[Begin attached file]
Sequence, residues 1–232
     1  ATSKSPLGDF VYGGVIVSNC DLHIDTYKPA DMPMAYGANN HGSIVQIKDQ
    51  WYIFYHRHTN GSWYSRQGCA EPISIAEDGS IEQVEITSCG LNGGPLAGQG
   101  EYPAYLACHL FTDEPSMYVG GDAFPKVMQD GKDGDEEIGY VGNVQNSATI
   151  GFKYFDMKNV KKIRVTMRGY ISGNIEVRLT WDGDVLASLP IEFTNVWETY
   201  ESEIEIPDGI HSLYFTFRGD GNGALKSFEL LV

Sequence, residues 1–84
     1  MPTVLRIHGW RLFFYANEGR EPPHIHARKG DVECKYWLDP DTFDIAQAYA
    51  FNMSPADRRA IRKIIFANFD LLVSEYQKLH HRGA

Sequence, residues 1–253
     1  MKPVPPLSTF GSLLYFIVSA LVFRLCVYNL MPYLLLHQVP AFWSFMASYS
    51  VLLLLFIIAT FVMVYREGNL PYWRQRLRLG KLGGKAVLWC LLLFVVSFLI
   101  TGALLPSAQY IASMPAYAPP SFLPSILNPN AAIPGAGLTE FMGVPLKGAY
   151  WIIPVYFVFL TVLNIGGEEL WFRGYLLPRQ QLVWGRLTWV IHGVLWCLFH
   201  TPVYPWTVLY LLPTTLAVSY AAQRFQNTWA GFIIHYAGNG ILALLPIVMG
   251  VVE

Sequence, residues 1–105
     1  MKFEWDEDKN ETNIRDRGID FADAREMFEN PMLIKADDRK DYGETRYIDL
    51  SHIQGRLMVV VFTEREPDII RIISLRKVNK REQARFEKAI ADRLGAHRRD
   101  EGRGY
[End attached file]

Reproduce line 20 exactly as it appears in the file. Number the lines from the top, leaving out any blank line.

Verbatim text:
   101  EGRGY